By Caitlin Johnstone
The New York Times has published an anonymously sourced report titled “U.S. Escalates Online Attacks on Russia’s Power Grid” about the “placement of potentially crippling malware inside the Russian system at a depth and with an aggressiveness that had never been tried before” which could potentially “plunge Russia into darkness or cripple its military,” with one anonymous official reporting that “We are doing things at a scale that we never contemplated a few years ago.”
Obviously this is yet another serious escalation in the continually mounting series of steps that have been taken into a new cold war between the planet’s two nuclear superpowers. Had a report been leaked to Russian media from anonymous Kremlin officials that Moscow was escalating its cyber-aggressions against America’s energy grid, this would doubtless be labeled an act of war by the political/media class of the US and its allies with demands for immediate retaliation.
To put this in perspective, The New York Times reported last year that the Pentagon was pushing for the US Nuclear Posture Review to include the strategy of retaliating against serious Russian cyberattacks on American power grids with nuclear weapons.
So that’s scary enough. What’s even scarier is the information that the Times buried way down in the 21st to 23rd paragraphs of its report:
“Two administration officials said they believed Mr. Trump had not been briefed in any detail about the steps to place ‘implants’ — software code that can be used for surveillance or attack — inside the Russian grid.
“Pentagon and intelligence officials described broad hesitation to go into detail with Mr. Trump about operations against Russia for concern over his reaction — and the possibility that he might countermand it or discuss it with foreign officials, as he did in 2017 when he mentioned a sensitive operation in Syria to the Russian foreign minister.
“Because the new law defines the actions in cyberspace as akin to traditional military activity on the ground, in the air or at sea, no such briefing would be necessary, they added.”
In an article titled “Pentagon Keeps Trump in the Dark About its Cyber Attacks on Russia“, Rolling Stone‘s Peter Wade described this jarring revelation as follows:
“New laws, enacted by Congress last year, allow such ‘clandestine military activity’ in cyberspace to go ahead without the president’s approval. So, in this case, those new laws are protecting American interests… by keeping the sitting president out of the loop. What a (scary) time to be alive.”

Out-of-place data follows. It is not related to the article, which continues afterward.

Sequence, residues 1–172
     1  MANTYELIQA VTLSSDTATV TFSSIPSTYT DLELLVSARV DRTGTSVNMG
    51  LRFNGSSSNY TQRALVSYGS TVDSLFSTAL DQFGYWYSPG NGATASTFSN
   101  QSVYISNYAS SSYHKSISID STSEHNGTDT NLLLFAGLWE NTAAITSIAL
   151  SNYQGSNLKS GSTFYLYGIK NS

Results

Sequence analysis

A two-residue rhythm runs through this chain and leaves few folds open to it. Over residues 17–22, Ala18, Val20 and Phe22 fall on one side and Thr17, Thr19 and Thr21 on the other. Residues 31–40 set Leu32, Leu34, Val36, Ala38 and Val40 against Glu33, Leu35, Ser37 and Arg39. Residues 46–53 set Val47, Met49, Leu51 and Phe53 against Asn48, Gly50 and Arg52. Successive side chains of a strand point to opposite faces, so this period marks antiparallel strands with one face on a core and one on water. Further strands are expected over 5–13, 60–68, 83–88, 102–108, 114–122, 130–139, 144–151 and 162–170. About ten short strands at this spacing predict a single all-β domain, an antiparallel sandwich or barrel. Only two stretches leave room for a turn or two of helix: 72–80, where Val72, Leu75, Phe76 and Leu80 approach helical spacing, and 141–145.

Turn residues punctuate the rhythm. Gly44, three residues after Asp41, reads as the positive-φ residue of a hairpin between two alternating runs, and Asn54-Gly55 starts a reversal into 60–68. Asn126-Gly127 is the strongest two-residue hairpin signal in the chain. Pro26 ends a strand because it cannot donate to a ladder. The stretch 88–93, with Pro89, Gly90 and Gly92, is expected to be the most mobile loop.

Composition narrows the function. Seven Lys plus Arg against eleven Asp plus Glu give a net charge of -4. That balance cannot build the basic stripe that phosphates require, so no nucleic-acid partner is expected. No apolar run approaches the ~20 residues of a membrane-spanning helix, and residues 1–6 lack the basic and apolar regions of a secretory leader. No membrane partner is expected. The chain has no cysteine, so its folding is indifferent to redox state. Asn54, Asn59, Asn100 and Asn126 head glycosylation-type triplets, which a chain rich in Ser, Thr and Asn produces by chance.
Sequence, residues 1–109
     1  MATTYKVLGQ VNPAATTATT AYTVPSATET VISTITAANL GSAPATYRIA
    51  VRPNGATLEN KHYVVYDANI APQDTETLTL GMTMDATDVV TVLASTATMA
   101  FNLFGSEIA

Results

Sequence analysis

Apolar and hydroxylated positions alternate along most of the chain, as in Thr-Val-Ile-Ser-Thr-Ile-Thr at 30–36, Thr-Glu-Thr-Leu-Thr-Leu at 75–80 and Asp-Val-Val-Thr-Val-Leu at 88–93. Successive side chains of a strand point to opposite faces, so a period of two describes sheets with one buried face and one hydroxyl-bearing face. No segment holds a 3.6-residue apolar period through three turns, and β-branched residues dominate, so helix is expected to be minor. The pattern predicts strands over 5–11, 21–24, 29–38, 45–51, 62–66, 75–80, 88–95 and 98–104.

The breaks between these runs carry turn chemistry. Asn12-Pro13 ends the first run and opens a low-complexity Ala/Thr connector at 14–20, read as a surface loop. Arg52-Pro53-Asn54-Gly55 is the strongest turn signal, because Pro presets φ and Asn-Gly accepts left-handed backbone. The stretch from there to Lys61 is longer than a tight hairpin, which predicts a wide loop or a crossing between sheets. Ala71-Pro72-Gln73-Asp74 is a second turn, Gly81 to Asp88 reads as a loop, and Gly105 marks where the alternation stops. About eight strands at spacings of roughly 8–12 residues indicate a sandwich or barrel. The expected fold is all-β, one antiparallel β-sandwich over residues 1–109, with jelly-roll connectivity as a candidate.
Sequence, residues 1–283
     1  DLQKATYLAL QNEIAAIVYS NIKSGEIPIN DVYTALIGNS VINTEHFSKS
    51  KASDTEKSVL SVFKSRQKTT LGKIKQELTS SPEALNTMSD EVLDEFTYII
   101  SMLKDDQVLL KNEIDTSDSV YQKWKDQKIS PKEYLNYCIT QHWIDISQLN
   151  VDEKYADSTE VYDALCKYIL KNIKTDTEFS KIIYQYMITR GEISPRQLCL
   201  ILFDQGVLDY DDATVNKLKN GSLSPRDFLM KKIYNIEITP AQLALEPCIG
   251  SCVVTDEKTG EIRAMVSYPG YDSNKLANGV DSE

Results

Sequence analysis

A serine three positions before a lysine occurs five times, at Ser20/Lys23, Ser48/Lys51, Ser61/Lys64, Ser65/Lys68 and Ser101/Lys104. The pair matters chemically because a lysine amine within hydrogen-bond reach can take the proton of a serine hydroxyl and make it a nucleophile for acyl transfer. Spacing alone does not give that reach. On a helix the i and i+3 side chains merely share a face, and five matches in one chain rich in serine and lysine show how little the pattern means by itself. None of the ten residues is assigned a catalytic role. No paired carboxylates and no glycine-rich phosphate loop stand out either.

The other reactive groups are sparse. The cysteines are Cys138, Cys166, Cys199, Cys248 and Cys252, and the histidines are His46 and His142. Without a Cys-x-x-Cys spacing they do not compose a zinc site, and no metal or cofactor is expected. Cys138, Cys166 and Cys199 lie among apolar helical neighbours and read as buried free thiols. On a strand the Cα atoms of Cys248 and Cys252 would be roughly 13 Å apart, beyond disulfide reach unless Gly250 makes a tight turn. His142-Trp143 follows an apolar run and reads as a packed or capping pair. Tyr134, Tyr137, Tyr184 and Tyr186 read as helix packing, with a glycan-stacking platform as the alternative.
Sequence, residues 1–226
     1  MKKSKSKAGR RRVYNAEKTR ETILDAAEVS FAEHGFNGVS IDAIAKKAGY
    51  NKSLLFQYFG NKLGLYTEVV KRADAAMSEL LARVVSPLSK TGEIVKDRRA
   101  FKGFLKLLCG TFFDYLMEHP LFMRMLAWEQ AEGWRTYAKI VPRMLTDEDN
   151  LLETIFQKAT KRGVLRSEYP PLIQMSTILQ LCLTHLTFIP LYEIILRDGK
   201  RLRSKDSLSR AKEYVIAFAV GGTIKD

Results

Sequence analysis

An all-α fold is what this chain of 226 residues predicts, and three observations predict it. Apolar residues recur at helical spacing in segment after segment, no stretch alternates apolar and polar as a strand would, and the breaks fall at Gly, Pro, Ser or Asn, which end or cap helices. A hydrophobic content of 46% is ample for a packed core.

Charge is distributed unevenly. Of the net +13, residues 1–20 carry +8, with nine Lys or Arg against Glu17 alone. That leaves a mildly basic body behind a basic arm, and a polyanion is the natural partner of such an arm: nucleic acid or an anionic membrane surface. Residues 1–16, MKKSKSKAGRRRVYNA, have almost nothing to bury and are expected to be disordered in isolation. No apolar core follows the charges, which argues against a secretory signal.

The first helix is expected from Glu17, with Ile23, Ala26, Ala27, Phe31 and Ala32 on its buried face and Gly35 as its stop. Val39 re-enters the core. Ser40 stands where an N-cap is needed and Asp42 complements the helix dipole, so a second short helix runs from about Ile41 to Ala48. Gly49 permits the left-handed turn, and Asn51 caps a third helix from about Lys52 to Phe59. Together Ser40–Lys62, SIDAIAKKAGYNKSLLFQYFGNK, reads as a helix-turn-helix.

— Rolling Stone (@RollingStone) June 15, 2019
So Trump is in a bit of a bind now. The escalation has already been put in place, which will likely see an equal response from Moscow if it isn’t scaled back. But scaling it back would mean a whole new wave of shrieking alarmism from the political/media class about the conspiracy theory that just won’t die no matter how much evidence is mounted against it: that Trump is a controlled puppet of the Kremlin. All as he’s working to build the case for re-election in 2020.
Stephen F Cohen, professor emeritus of Russian studies at New York University and Princeton University and one of America’s leading experts on US-Russia relations, has been warning for years that exactly this would happen. In an April 2017 interview on Democracy Now, Cohen warned that placing political pressure on a US president to never step back from escalations during a showdown between nuclear superpowers could have potentially world-ending consequences should mounting tensions see a situation similar to the Cuban missile crisis again.
“I think this is the most dangerous moment in American-Russian relations, at least since the Cuban missile crisis,” Cohen said. “And arguably, it’s more dangerous, because it’s more complex. Therefore, we—and then, meanwhile, we have in Washington these—and, in my judgment, factless accusations that Trump has somehow been compromised by the Kremlin. So, at this worst moment in American-Russian relations, we have an American president who’s being politically crippled by the worst imaginable—it’s unprecedented. Let’s stop and think. No American president has ever been accused, essentially, of treason. This is what we’re talking about here, or that his associates have committed treason.”
“Imagine, for example, John Kennedy during the Cuban missile crisis,” Cohen said. “Imagine if Kennedy had been accused of being a secret Soviet Kremlin agent. He would have been crippled. And the only way he could have proved he wasn’t was to have launched a war against the Soviet Union. And at that time, the option was nuclear war.”
People rarely take time to deeply reflect on the uniquely important fact that our species came within a hair’s breadth of total annihilation during the Cuban missile crisis. We learned long after it was all over that the only reason a nuclear-armed Soviet submarine didn’t discharge its payload on the US Navy and set off a full-scale nuclear exchange between the US and the USSR was because one of the three men in the sub needed to authorize the weapon’s use stood against the other two and refused. That man’s name was Vasili Arkhipov, and he’s responsible for the fact that you and everyone you love exists today. There’s a